A "ground-breaking" iwi-led project is bringing life back to the Manawatu River.
Shannon's Poutu Pa Marae was buzzing with whanau at the weekend as iwi worked to restore native plants back to the banks of the river.
The planting is part of a large scale project, Tu Te Manawa led by a coalition of iwi from along the Manawatu River, from Norsewood to Foxton Beach, aimed at restoring the mauri (life force) to the Manawatu River that was once central to the lives of local Maori.
The project includes building 50 kilometres of fencing and installing eight whare or information kiosks, one for each local iwi along the river.
The whare aim to bring whanau, hapu, and iwi back to the awa (river) to learn about the history of the people, and generate interest in community science and an appreciation of the river.
The whare will be located at historic points in the catchment and will tell the stories of the cultural and historical importance of each site.
A study of culturally significant species traditionally associated with the river will be undertaken and a cultural health monitoring programme developed.
Te Ropu Taiao o Ngati Whakatere kaiwhakarite, planting day co-ordinator, Robert Ketu, said their iwi had been working on the project alongside other affected hapu.
"The long and ongoing battles we have had with councils have brought us to a space where there is action taking place to restore the mana of the Manawatu River," he said.
Project executive Hone Morris said the overall purpose of the project is to enhance iwi involvement in the river's restoration, increasing its mana through communicating stories that reconnect iwi and hapu with their awa.
"Ko Manawatu te awa, he awa tapu, hei piringa mauri, hei piringa tangata. The sacred river of Manawatu, where the life force remains to bring people together," he said.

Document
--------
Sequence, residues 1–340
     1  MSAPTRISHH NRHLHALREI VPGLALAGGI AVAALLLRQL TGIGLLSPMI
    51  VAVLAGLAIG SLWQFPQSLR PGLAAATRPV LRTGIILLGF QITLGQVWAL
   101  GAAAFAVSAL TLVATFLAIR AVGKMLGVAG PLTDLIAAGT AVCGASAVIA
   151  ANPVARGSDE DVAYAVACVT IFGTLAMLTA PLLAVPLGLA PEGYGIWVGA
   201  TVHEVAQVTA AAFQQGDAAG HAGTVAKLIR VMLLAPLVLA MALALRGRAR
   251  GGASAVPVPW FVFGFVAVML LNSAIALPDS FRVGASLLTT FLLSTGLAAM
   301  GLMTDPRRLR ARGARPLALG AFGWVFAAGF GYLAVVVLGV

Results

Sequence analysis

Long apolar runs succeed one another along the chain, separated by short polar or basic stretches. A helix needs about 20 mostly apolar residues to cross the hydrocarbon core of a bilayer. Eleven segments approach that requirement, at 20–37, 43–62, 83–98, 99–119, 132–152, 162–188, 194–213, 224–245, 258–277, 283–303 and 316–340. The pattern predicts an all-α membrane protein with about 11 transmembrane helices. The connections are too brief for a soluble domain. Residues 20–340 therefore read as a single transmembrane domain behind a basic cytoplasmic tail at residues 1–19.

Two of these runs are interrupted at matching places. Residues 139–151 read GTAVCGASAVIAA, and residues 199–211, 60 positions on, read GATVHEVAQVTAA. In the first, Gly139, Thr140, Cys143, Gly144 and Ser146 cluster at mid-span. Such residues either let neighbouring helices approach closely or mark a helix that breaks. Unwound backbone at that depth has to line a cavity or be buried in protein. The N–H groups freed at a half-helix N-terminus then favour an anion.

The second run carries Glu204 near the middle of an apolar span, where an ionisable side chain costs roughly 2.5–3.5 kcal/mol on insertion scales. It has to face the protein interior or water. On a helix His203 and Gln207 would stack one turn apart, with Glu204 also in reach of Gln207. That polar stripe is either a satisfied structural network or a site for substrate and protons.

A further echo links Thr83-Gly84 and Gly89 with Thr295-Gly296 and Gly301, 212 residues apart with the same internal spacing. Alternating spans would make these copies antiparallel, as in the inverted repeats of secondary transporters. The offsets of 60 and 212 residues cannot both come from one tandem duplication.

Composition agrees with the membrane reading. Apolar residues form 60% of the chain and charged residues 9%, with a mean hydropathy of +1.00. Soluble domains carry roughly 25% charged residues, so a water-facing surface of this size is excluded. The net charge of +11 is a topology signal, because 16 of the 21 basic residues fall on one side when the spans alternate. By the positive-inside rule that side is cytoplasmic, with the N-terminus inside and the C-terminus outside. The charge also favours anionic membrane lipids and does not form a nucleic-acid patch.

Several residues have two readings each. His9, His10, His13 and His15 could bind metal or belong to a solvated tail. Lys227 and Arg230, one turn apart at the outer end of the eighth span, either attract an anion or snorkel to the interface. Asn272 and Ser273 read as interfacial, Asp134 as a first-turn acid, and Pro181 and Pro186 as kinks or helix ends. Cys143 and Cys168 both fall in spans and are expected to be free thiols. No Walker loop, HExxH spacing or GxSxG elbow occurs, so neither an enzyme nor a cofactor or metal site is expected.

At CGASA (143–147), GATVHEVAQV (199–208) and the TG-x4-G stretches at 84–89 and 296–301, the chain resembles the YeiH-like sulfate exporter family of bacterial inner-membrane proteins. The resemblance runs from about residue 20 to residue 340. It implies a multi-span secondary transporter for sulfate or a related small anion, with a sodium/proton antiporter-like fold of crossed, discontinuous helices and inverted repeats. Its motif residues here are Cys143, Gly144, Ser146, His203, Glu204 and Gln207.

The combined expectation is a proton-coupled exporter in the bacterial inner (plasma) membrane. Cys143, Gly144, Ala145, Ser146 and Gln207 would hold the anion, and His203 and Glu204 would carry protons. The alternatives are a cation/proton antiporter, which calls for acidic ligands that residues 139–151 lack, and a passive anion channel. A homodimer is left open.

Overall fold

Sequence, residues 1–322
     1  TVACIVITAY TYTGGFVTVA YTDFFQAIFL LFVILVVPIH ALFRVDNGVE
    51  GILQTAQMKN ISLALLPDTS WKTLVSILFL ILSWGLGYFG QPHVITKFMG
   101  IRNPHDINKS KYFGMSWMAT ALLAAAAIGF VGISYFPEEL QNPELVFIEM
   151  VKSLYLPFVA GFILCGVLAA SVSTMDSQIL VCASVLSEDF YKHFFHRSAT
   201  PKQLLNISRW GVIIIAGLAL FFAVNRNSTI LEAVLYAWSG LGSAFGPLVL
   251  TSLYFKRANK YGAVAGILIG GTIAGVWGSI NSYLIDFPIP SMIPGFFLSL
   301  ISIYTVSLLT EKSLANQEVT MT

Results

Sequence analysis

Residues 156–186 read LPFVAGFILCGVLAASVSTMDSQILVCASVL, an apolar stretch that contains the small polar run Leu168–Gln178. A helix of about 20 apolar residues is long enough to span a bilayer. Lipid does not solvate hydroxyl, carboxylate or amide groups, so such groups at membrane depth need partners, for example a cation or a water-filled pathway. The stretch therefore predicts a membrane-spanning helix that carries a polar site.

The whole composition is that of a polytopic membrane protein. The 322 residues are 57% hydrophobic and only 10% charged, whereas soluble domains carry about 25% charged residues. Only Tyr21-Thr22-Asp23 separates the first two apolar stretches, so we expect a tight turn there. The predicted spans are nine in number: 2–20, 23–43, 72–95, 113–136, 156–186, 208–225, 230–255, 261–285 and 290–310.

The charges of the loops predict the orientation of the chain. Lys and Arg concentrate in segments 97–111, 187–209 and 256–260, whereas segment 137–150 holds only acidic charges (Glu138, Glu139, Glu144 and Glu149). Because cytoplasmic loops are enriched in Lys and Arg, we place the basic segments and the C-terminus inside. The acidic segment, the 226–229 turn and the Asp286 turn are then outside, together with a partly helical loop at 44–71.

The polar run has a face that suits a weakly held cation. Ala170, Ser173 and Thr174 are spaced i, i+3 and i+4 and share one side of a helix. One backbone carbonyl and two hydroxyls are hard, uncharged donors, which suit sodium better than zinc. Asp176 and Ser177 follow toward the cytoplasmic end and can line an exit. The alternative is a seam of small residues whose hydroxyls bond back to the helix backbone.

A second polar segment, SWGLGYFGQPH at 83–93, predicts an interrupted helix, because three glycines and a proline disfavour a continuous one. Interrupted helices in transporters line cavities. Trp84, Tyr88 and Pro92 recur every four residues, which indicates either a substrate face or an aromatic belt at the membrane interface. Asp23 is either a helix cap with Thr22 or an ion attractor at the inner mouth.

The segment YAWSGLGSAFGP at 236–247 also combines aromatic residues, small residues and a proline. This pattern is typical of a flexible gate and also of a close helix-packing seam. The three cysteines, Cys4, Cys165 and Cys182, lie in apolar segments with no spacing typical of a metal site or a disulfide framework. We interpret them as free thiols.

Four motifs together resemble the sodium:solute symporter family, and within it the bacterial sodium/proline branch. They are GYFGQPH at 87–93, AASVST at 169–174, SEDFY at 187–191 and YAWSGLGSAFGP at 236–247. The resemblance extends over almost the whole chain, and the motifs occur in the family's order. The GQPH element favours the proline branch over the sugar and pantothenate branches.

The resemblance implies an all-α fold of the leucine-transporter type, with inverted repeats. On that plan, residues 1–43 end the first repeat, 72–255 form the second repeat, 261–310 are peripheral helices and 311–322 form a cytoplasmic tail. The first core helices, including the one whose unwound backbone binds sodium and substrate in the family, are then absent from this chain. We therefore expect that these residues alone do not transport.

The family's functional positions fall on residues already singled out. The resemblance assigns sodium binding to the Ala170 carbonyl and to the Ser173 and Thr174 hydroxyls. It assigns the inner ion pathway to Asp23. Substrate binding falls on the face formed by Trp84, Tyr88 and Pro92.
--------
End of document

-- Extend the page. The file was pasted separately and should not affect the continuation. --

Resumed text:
A culturally significant species protection and enhancement programme is planned for each of the whare sites, allowing iwi, hapu, whanau and students from local schools to engage in community science.
Tu Te Manawa project co-ordinator Arapera Paewai said it was a ground-breaking project.
"The National Cultural Health Index measures the mauri of an area by comparing the stories of the past to those of today," she said.
The $814,000 Tu Te Manawa project has received $534,000 from the Ministry for the Environment's Te Mana o Te Wai fund, $40,000 from Rangitane o Tamaki Nui a Rua, $220,000 from Horizons Regional Council, $10,000 from Palmerston North City Council and $10,000 from Tararua District Council.
The Manawatu River Leaders'Accord set the foundations for Tu Te Manawa by agreeing the state of the Manawatu River is unacceptable and that the community wanted it cleaned up.
Horizons natural resources and partnerships manager Dr Jon Roygard said council is committed to partnering with iwi, hapu and any other groups or people that share the same aspirations and goals.
The above article was published by the Horowhenua Chronicle here.